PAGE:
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  1. #1
    Join Date
    Jul. 4, 2008
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    The Great Northwest!
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    Default Team Penning ?'s

    Hope this is the correct place for this, makes me kinda wish there was a Western Forum...

    About 45 minutes south of where I live there are Team Pennings that happen every two weeks. I wanted to go last winter but never got my behind in gear, that and the roads were too horrible to Hall from November to February...
    So this year I am determined to go! I've heard they are so much fun. My horse is an ex-cutting horse so the cows shouldn't be a problem, and I've ridden western quite a bit trail riding ( I'll wear my helmet I promise ) A few questions though..

    Do you usually need to bring your own team?

    What should I expect? ( I don't want to look like an idiot, and I want to be safe)

    Anything my horse and I should brush up on before we go?

    Since these are just fun "play day" types, I'm also going to guess that I can use whatever bit I want.

    Anyone want to go with me??? They are in Lewiston, Idaho (most of you guys aren't from anywhere close to here!) and I do have one open spot in my trailer.

    Thanks for any feedback wonderful COTHers!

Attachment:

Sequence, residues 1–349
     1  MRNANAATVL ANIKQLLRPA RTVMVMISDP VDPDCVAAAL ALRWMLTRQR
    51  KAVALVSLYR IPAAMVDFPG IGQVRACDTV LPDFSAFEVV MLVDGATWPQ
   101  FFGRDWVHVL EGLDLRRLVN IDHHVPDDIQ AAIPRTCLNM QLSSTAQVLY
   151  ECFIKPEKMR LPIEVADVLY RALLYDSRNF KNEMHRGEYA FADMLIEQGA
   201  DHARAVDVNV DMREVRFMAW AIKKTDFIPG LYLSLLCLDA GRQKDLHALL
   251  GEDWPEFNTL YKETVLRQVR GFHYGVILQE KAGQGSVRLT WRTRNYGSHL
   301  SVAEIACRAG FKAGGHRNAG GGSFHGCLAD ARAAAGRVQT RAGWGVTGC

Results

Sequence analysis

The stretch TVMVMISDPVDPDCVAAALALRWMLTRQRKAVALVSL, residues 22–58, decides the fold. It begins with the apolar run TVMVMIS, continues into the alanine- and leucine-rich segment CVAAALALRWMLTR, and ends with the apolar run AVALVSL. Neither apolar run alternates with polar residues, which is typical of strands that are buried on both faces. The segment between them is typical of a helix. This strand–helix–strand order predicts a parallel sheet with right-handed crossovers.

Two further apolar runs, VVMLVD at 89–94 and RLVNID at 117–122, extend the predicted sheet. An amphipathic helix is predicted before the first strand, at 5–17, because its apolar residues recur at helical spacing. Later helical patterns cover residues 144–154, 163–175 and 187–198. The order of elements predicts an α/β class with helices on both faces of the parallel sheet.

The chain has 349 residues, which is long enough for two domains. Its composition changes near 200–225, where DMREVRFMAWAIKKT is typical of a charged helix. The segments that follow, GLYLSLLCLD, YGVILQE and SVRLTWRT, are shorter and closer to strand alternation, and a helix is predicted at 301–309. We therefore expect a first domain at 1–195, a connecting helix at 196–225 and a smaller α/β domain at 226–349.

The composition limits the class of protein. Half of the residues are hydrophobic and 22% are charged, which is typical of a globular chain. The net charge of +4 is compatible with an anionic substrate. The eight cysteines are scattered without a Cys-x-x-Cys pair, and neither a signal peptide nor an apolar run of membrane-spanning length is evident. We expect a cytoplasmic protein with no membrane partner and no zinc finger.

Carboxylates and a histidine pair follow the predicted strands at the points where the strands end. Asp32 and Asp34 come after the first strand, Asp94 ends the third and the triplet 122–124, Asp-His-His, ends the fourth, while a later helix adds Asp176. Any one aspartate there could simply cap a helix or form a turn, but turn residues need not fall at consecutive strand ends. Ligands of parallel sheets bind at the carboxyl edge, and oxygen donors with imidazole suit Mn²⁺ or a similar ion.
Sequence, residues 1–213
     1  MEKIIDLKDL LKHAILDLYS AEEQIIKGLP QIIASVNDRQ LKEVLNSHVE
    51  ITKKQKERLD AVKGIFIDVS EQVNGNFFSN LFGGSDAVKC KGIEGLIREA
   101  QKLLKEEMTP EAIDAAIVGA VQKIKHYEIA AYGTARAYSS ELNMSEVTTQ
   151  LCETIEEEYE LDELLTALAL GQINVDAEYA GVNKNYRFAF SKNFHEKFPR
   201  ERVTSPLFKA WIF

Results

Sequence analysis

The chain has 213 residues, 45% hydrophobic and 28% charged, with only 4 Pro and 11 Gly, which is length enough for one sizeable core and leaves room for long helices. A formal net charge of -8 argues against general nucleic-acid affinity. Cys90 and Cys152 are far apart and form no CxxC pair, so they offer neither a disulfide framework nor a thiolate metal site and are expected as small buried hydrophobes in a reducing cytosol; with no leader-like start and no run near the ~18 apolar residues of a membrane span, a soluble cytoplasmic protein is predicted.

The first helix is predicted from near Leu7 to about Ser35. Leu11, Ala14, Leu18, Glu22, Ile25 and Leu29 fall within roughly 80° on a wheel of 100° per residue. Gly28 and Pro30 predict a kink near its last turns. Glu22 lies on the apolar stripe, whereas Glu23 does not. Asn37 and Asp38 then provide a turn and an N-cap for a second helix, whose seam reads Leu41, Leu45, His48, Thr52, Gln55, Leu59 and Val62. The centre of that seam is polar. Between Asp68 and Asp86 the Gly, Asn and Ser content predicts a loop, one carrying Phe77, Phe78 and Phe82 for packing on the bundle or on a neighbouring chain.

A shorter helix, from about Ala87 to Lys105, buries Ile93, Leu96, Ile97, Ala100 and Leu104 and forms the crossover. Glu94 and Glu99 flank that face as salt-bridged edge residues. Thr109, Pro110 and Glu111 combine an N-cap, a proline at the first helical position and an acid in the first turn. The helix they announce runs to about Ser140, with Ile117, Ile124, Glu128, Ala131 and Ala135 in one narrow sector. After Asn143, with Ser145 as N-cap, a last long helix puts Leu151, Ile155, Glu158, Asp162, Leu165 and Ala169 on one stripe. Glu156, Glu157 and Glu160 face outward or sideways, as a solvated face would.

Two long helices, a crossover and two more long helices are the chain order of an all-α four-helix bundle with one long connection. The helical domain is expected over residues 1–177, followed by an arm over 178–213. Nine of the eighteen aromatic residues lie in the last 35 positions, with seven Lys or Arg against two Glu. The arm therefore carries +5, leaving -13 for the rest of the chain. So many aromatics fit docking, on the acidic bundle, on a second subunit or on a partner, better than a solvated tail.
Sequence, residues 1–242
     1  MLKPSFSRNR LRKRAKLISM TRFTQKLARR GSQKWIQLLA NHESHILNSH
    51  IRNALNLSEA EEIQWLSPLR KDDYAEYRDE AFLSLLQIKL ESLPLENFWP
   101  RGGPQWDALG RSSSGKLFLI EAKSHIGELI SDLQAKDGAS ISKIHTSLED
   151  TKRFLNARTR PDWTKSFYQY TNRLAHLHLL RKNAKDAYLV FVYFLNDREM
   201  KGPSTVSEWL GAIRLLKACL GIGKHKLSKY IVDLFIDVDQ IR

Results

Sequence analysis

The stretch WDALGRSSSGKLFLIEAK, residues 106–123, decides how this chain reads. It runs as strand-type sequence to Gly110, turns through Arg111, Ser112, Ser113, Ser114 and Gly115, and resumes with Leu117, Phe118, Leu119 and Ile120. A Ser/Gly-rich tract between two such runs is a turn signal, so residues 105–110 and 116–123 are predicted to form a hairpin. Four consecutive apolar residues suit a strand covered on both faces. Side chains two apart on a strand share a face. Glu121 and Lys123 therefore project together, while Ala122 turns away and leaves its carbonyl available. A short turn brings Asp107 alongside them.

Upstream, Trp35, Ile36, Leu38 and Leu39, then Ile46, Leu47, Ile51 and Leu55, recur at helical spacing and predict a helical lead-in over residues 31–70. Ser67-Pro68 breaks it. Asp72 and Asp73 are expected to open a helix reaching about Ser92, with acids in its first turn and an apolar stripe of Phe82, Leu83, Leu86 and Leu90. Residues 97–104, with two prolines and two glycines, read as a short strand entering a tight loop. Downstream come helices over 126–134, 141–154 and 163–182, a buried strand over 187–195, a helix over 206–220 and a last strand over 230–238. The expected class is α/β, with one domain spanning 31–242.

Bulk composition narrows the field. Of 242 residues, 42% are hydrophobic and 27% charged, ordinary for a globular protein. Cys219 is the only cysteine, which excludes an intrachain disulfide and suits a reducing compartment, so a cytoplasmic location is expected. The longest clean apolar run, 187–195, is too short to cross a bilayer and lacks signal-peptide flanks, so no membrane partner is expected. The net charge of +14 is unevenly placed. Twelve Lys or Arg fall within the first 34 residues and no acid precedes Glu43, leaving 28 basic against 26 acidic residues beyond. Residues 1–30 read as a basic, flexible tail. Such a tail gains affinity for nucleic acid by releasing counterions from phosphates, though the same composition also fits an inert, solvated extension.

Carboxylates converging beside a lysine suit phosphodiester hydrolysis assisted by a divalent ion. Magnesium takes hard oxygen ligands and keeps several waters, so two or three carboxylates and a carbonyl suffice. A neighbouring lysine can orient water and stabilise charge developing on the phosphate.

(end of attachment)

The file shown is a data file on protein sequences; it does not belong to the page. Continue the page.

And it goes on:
2. #2
    Join Date
    Jun. 2, 2009
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    1,258

    Default

    Quote Originally Posted by LoveGirl83102 View Post

    Do you usually need to bring your own team?
    Nope not normally. A team will be made up for you. It's really only at money earning competitions that you need to have your team. Playdays are just that .

    What should I expect? ( I don't want to look like an idiot, and I want to be safe)
    You should expect to have an awful lot of fun. We have lots of team penning where I live, from schooling right up to high money earning. The schooling penning is by far much more fun than the competitions. I occasionally compete at it but I have a far more wonderful time at the low level penning.

    Anything my horse and I should brush up on before we go?
    Turns, spins, very speedy transitions, and whoa's. I adore riding my 2 cutting horses. We only pen in the summer so they get low time for the rest of the year. I tend to start bringing them back into doing their cues immediately the moment I ask around about April time so that by the time May comes along they are both tweaked and on top form obedience-wise.

    Since these are just fun "play day" types, I'm also going to guess that I can use whatever bit I want.
    Yes, generally any bit is acceptable. Western saddles are mandatory though.

    Anyone want to go with me??? They are in Lewiston, Idaho (most of you guys aren't from anywhere close to here!) and I do have one open spot in my trailer.
    I'm too far away, lol. You will have a blast!